We've been studying up on Safety Differently, Safety 2, New Safety, and Human and Organizational Performance (HOP) lately, and in particular have recently been looking at books by Dr. Todd Conklin about Human and Organizational Performance (HOP).
In two earlier articles, we took a look at some key lessons from Conklin's book Pre-Accident Investigations and his book about learning teams. And in this article, we're going to look at some key lessons from his book Workplace Fatalities: Failure to Predict (buy a copy at the link you just passed).
We hope you enjoy this look at an important, influential, and somewhat controversial thinker in safety, and we tip our hat to the good work Dr. Conklin is doing. And by the way, we've included a video recording of Dr. Conklin's appearance in the plenary session of the ASSE Safety 2017 conference near the bottom of this article for you.
And lastly, before you begin this article, if you're interested in the work of Dr. Conklin, you'll no-doubt enjoy the guide to the "new view" of safety, including HOP, HPI, Safety Differently, Safety-II, Resilience Engineering, and more that we've got for you below. It has contributions from many of the world's leading safety experts, including Todd Conklin. Download it and give it a read (100+ pages!).
We encourage you to buy the book, sit down, and read the book from cover to cover.
However, we'll list a couple of the key points here to raise your interest.
Sounds obvious, but it's an important starting point.
Most workers don't die on the job. Most organizations never have a work-related fatality. Most work days at most companies end with all the workers still alive.
Here's how Conklin puts it:
Fatalities are not normal. Mostly people do not die while working at your facility. Mostly workers will spend their entire working career not getting seriously injured or killed. Don't think about a fatality as a failure of your organization's safety and reliability program. A fatality is an outlier event. Your organization does safe and stable work most of the time. This statement is just a fact. (See p. 32)
As you'll see if you read the book and continue reading this article, much of what Conklin will say is based on this fundamental observation that fatalities at work aren't normal. For example, if a fatality isn't normal, then "normal" safety efforts may not be the right approach for reducing them.
At one point in his book, Conklin even refers to the book The Black Swan: The Impact of the Highly Improbable by Nicholas Taleb in this context.
When someone is killed at work, there's a tendency to assume our processes are flawless and the fatality must have occurred as a result of worker error.
As Conklin puts it:
We tend to want to over-simplify the problem of such horrific events in order to reinforce the same old answers. Clearly, if a person is involved in a serious event, they must have done something really wrong; they missed whatever indicators were present and allowed this bad thing to happen. This person failed to prevent the bad thing from happening. Therefore the person is the problem--the person is negligent. Right? Wrong! We continually fall in this trap...we have meetings and we tell our workers and managers to prevent accidents more efficiently and start doing it now! (see pp. 12-13)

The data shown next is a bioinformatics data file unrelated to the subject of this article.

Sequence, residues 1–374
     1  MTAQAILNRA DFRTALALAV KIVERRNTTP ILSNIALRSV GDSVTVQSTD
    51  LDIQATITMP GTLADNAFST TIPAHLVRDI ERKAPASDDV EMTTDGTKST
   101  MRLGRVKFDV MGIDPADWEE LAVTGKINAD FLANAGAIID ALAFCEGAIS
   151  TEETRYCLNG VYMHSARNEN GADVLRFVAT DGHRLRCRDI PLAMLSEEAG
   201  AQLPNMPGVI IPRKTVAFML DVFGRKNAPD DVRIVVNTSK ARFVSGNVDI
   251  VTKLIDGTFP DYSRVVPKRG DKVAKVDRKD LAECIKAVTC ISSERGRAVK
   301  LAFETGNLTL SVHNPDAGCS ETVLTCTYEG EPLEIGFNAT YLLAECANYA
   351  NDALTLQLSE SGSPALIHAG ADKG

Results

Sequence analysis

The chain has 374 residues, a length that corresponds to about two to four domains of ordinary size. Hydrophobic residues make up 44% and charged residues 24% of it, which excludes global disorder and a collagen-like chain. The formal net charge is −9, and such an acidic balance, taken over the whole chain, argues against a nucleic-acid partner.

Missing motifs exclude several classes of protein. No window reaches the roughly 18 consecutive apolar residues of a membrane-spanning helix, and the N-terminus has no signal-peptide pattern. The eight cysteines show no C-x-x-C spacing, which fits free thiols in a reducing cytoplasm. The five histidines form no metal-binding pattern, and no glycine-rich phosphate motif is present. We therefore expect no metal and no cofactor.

You can see why this is a simple and tempting explanation, but it's not likely to be accurate and it's not likely to be something we can protect from, either.
While reading this short section, keep in mind what we said earlier about fatalities not being normal at work--that they're outliers.
Traditional safety efforts, such as reducing slip, trip, and fall hazards, have helped to drive occupational injury rates down but they have nor reduced the number of severe injuries, illnesses, and fatalities.
Faced with those facts, a safety manager may be inclined to double down and apply those same traditional safety methods even harder, but that's somewhat similar to the old quote from Albert Einstein that "The definition of insanity is doing the same thing over and over again, but expecting different results."
As Conklin puts it:
I know one thing for sure: Doing what we have been doing--harder and better--will not solve the problem of fatalities at work. In fact, I would propose the idea of doing more of the same-old-same-responses might just be the problem. Continuing to think about and act on fatalities and serious events using our traditional thinking almost guarantees more people will die or get seriously injured. If we keep doing what we have always done, we're always going to get what we have right now. What we have right now is not working...
...We are beginning to understand our current safety systems are necessary and have served us fairly well for industrial safety issues, but are not sufficient in preventing catastrophic outcomes. (See p. 11)
Furthermore, not only is it ineffective to double-down on traditional safety to try to reduce fatalities, but it's inherently dangerous because we're applying resources like time, money, and effort that could be used more productively and effectively.
Here's how Conklin puts that: